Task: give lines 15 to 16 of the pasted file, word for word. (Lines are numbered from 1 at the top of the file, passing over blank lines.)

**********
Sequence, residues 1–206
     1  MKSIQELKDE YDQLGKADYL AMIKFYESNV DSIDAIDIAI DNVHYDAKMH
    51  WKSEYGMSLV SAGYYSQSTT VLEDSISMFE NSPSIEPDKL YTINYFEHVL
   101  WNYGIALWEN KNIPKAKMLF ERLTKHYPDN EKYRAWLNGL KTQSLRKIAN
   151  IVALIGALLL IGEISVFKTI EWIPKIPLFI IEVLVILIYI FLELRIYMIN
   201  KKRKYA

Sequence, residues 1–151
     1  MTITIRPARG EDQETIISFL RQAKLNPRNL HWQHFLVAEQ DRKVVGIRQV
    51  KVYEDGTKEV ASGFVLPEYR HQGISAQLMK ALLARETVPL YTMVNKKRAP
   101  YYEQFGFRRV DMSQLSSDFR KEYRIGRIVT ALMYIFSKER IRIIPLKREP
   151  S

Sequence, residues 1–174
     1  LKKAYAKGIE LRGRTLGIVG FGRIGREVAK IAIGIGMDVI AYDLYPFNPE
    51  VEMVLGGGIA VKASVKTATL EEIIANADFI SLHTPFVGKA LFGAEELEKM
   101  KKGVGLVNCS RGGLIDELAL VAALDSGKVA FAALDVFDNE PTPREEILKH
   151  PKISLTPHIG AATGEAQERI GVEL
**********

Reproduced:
   101  KKGVGLVNCS RGGLIDELAL VAALDSGKVA FAALDVFDNE PTPREEILKH
   151  PKISLTPHIG AATGEAQERI GVEL